“It is tough. That is just the way it is. We got some penalties, they got some penalties.

“There was no platform to play off and it was almost like basketball. Every time they scored we scored.

“It was trading points almost and then they just seemed to slip ahead at the end.”

For Visser there were pluses to be taken back to the Scottish camp but a lot of negatives too.

“They played a reasonable game but nothing we couldn’t have dealt with if we were better tactically.

“Their attack was far ahead of us and if you look at what they did especially in the first half they kept us out of the game for long periods. It was tough, especially for the back three, to get into the game. Again it was our own fault giving away so many penalties and not having anything to play off.

“We are at our best when games start to develop some fluency, some rhythm and the last ten minutes showed what we can do. We started making line breaks. We got our hands on the ball a bit more in the back three. For large parts, though, we couldn’t do that because of what they did to us and, to be fair, what we did to ourselves in terms of where we were on the pitch.”

The target for Scotland now is to emulate the 2006 side who won three Six Nations Championship ties although that will mean a first win in Paris on Saturday since 1999 against France.

What does Visser feel the Scots have to build on?

“The detail in our work was there helping the defence improve dramatically. We did a lot of good stuff and were in the game for a long time. We are a very upbeat camp and where we have come from in the 
Autumn (losing to Tonga) is brilliant. Also, how we have learned from the Six Nations is brilliant.

“If we had played this game six months ago it could have been part of a whitewash.

“A lot of hard work that might have gone unseen from a few of the players, including myself, is there under the supervision of defence coach Matt Taylor.

“That is something we can now build on.

“There is a chance to get three wins. If you look at how France have been doing there is a massive opportunity.

“France are on and off. They can play some incredible stuff but don’t really have any 
structure behind them at the moment.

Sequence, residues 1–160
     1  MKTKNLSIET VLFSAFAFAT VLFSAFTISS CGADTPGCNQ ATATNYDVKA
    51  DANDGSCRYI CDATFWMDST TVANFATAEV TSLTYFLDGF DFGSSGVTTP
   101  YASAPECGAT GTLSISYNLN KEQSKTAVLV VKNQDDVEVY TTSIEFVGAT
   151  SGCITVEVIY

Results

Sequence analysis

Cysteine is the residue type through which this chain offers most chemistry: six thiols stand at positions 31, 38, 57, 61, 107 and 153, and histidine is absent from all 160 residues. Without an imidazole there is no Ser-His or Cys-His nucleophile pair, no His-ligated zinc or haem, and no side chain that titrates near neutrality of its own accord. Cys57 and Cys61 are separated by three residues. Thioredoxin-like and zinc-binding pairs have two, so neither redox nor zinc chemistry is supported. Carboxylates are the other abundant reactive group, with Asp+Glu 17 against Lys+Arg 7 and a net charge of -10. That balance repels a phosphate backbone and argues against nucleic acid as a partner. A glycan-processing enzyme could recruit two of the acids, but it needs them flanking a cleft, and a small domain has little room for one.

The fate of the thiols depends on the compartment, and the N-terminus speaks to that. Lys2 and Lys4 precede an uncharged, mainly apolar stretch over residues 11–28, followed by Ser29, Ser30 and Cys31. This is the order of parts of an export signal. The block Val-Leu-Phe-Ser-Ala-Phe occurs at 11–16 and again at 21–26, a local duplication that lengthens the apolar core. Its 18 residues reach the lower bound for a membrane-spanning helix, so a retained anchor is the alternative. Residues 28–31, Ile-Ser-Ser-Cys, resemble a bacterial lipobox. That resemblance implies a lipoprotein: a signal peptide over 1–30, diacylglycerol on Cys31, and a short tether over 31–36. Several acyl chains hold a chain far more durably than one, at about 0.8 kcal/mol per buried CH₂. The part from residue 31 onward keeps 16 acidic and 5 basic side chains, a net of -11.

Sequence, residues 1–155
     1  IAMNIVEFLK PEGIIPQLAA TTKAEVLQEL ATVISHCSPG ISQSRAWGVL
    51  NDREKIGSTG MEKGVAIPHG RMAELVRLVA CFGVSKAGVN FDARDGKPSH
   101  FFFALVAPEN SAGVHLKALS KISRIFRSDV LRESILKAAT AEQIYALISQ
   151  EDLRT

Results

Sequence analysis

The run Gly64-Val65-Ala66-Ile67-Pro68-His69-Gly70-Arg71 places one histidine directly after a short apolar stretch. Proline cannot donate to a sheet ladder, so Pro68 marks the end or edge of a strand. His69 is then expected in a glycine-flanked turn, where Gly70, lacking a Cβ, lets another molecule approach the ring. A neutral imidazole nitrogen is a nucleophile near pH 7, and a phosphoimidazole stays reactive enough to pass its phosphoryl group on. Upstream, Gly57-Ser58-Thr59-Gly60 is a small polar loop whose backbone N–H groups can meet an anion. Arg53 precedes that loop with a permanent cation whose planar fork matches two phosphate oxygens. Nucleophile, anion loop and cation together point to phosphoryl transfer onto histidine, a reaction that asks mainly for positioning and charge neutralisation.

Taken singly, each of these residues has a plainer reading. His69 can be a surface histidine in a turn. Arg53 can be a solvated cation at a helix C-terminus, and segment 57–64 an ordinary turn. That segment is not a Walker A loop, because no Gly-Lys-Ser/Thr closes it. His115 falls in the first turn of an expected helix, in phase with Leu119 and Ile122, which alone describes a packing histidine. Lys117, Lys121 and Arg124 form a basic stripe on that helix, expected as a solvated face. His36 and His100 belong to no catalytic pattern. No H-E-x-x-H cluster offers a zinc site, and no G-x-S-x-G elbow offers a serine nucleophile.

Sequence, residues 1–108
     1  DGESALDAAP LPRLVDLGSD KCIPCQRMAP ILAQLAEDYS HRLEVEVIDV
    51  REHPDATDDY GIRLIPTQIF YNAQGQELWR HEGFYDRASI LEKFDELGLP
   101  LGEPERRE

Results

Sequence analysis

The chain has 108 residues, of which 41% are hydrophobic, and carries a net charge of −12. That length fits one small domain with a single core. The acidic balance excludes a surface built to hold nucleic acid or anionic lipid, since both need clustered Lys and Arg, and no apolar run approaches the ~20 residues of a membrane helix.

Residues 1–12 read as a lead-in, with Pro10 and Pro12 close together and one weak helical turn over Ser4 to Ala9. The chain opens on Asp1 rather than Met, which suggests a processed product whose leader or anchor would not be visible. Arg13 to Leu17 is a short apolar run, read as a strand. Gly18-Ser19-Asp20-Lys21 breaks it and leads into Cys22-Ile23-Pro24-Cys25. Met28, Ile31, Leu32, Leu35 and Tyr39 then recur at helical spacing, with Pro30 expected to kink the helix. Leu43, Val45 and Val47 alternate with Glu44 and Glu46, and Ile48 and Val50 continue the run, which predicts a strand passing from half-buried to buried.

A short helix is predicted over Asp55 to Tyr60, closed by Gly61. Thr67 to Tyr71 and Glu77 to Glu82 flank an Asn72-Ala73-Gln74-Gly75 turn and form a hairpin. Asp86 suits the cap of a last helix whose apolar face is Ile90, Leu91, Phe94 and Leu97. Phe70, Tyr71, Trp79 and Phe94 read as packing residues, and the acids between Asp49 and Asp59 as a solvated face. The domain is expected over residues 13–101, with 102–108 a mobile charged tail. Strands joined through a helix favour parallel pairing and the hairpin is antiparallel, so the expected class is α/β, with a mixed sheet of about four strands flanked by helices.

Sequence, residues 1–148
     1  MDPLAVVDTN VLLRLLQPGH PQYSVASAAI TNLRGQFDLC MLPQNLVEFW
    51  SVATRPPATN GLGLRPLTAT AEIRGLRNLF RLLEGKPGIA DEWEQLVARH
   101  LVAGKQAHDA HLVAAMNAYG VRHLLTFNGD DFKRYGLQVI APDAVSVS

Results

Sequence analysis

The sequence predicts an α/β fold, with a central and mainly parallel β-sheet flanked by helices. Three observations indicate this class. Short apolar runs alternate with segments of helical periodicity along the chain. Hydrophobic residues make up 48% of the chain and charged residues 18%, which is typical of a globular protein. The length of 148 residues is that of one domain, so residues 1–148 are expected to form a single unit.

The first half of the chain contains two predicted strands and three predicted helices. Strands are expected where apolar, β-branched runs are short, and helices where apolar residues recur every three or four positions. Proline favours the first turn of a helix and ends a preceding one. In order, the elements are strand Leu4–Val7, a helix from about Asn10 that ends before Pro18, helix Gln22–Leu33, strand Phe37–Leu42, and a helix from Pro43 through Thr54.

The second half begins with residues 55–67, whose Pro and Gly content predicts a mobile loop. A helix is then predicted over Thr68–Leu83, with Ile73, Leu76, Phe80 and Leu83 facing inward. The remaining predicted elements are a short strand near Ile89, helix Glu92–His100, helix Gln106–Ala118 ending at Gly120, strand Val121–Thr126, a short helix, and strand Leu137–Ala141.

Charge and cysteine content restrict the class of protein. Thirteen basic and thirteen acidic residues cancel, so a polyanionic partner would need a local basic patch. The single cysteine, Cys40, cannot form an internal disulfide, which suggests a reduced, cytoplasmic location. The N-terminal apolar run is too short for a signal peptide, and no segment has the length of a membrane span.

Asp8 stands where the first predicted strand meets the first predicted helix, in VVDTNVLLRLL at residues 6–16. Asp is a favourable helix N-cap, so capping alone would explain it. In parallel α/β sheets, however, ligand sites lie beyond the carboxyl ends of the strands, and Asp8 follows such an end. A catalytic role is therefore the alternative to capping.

“Let’s hope we capitalise but only if we learn from this game.

“At half time we talked about the penalties including holding on to the ball in the breakdown.

“That is something we control but didn’t otherwise we could have been in with a shout.

“Our squad is a mix of experience, people like myself just starting to play international rugby and some really young boys. Once we get on the same 
level technically and tactically we can be a successful team. That is very encouraging but there is a lot of hard work goes into that and still needs to go into that.”

And, of course, there is Greig Laidlaw who slotted all Scotland’s points from penalties for the third time in five outings.

“Greig has been phenomenal. Even facing kicks with wind ahead of him he has done brilliantly. He is someone we can build a team around. He embraces everything we are about, a massive competitor technically and tactically very good,” said Visser whose own display, notably a missed touch which led to a penalty was not flawless while Beattie took his eye off the ball in a concession as fatal as Jim Hamilton going offside under his posts.

So, Scotland have a grievance but not a get-out card; must do better can be the only verdict.


Scotland: Penalties: Laidlaw (6).

Wales: Try: Hibbard. Conversion: Halfpenny. Penalties: Halfpenny (7).

Scotland: Hogg; Maitland, Lamont, Scott, Visser; Weir (Jackson 78), Laidlaw, Grant, Ford, Murray (Cross 76),Gray (Kellock 29), Hamilton, Harley, Beattie (Wilson 67), Brown. Unused subs: Hall, Low, Pyrgos, Evans.

Wales: Halfpenny; Cuthbert, Davies, Roberts (S Williams 72), North; Biggar, Phillips (L Williams 72); James, Hibbard (Owens 60), A Jones, AW Jones, Evans, R Jones (Tipuric 48), Faletau (Bevington 80), Warburton. Unused subs: Mitchell. Coombs, Hook.

Referee: C Joubert (South Africa).

Attendance: 67,144